A couple of notes: I like to use the #target framemaker instruction at the top of my scripts to ensure that they run with the FrameMaker object model instead of the default ExtendScript Toolkit. (In this case, it doesn't matter, because this is all native JavaScript code and not dependent on FrameMaker.)  Also, you should always declare your variables with the var keyword.

     

    Please let me know if there are any questions or comments.

     

    -- Rick

     
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  • Currently Being Moderated
    Jun 13, 2013 11:27 AM   in reply to 4everJang

    Hi Jang,

     

    Can you send me an example that shows this bug? I would like to verify it myself. Thanks.

     

    Rick

     
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  • Currently Being Moderated
    Jun 13, 2013 11:36 AM   in reply to frameexpert

    Actually, now that I see Jang's method, it is simpler for this case. If your regular expression has capturing groups, you have to use my method. For example, let's say that you wanted to capture the citations without the brackets. Then, you would use this:

     

    var pgfText = "Hello fans [[Dante, #712]] and another one [[DuçanÌsídõrâ, #312]].";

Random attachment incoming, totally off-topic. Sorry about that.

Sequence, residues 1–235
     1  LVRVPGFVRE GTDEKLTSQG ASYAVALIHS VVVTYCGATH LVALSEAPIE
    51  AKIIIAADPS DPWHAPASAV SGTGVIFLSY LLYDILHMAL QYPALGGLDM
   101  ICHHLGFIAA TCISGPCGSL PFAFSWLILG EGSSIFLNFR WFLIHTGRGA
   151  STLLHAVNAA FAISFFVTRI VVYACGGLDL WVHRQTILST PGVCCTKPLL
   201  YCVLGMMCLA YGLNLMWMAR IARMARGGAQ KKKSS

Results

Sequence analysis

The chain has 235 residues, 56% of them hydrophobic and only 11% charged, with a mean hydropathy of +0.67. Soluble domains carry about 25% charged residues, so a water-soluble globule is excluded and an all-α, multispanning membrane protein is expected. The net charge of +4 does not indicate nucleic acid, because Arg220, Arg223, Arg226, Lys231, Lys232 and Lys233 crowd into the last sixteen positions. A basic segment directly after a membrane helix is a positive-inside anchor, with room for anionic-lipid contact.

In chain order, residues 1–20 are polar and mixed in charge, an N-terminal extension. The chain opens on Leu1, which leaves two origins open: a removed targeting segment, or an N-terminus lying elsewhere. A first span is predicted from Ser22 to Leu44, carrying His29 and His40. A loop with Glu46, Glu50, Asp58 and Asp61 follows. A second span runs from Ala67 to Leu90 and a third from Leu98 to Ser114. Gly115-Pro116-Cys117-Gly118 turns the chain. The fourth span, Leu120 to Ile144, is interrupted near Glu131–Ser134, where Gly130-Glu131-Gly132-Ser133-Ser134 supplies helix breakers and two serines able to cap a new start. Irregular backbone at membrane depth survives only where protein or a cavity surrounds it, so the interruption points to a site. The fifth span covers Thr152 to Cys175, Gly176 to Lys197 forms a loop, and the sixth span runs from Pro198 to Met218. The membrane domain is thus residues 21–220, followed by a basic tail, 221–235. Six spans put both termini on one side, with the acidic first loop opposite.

var citations = getCitations (pgfText);
    alert(citations);
    
    function getCitations (pgfText) {
    
        // Regular expression to isolate the citations.
        var regex = /\[\[([^\]]+)\]\]/g;
        // Array to store the citations.
        var citations = [], result;
        
        // Execute the regular expression.
        while (result = regex.exec (pgfText)) {
            // Push the result onto the array.
            citations.push (result[1]);
        }
        // Return the array
        return citations;
    }
    

     

    Notice that I moved the parenthesis to exclude the enclosing square brackets.

     

    Also note that if you don't need to capture any subparts of the string, you don't need the parenthesis at all in your regular expression.

     

    Rick

     
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  • Currently Being Moderated
    Jun 13, 2013 11:36 AM   in reply to frameexpert

    Hi Rick,